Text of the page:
I’m back in Boston today, after a whirlwind weekend at the Television Critics Association 2012 Winter Press Tour. It was my first time attending such an event, and as such I spent most of my brief time there pretending like I knew exactly what I was doing lest others point, laugh, and then give me wedgies.
The TCA press tour is something many who follow television coverage online know about, but it’s still something that feels fairly foreign for those who have not attended. In no way am I now close to be an expert about the event after having spent ten days there, but I thought it might be valuable to share with you ten things that I learned while out there. Some of these things are important. Most of them are not. But they are all from my particular perspective from the event that I was lucky enough to attend in Pasadena.
1) Having good colleagues guide you through the process will help you ensure that you at least survive, if not succeed. I’m not a member of the TCA, but was fortunate enough to get credentials for both the cable portion of the tour (which ran Friday and Saturday) and the FX portion. For that, I heartily thank those to whom I reached out for access and was granted it. Once there, I got to finally meet many of my virtual critics and journalists in the flesh, all of who were happy to take this noob under their wing and help make sure I didn’t actually wander onstage in order to get a better view of the panel.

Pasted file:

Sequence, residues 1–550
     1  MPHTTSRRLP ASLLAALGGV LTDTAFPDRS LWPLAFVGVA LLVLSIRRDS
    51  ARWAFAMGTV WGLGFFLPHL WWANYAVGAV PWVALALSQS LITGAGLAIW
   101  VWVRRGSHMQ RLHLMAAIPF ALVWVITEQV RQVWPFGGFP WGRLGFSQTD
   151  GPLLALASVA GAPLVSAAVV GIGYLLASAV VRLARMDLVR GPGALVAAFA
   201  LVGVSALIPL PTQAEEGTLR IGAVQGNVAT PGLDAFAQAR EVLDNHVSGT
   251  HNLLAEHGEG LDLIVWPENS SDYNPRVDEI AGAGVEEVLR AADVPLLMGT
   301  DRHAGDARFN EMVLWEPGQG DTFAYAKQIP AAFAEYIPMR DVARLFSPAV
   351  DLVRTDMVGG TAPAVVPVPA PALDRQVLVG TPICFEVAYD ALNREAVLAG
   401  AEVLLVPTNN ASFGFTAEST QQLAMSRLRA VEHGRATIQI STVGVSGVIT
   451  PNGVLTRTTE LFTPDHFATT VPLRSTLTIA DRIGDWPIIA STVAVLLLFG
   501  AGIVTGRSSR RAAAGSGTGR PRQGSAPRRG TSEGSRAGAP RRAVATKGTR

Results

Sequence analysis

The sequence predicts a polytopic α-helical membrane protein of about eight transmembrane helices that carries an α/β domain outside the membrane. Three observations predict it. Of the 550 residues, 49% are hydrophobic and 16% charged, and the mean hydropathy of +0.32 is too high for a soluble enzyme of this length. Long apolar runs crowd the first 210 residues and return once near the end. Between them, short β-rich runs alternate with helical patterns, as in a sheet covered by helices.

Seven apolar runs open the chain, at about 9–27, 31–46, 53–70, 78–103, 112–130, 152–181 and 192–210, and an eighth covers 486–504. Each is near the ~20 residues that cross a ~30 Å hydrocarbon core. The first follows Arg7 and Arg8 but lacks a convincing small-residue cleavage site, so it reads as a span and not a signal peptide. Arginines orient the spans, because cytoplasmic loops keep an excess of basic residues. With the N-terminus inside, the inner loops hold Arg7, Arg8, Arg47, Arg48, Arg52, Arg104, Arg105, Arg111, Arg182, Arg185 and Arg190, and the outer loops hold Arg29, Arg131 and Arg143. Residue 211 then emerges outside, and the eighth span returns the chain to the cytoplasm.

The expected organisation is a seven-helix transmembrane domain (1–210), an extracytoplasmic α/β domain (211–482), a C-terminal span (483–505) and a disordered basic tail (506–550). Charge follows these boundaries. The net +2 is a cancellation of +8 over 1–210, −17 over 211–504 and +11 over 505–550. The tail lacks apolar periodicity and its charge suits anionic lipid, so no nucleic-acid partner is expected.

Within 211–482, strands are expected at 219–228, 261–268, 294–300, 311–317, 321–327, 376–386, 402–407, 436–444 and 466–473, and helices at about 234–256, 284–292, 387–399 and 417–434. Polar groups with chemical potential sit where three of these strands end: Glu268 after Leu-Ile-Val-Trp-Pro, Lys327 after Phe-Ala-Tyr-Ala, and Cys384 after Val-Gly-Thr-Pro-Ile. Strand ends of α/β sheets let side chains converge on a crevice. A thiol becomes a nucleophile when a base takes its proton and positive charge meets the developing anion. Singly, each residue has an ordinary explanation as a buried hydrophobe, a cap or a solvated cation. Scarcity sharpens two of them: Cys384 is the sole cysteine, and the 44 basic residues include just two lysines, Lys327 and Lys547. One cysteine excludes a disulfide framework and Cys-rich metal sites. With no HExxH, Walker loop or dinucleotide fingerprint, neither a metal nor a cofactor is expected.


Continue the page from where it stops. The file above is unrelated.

2) Stephen Root will be returning to “Justified” this season. In what might be my one true scoop of the weekend, I learned from Root at one of the TCA’s social events that he will indeed be reprising the role of Judge Mike “The Hammer” Reardon at some point over the next few weeks. He couldn’t give me specifics on the role, but assured me that we would one again be seeing him (and his underwear) in Harlan before the end of the season.
3) Panels are hit and miss, but attending as many as possible is key. I can’t tell you how many panels I attended out of professional obligation that turned into eye-opening experiences. The first panel on Saturday morning was for the Ovation Network, a network that quite frankly had to research if it was even on my own cable package. (Spoiler alert: Yes!) But the programs on the panel, the docu-soap “Motor City Rising” and the film “We’ll Take Manhattan,” featured strong material and even stronger on-stage personalities help selling the material. I came for “Doctor Who”’s Karen Gillan, who is a lead in “Manhattan,” but stayed for Sean Forbes, a deaf rapper from Detroit who was one of the more dynamic personalities onstage all weekend.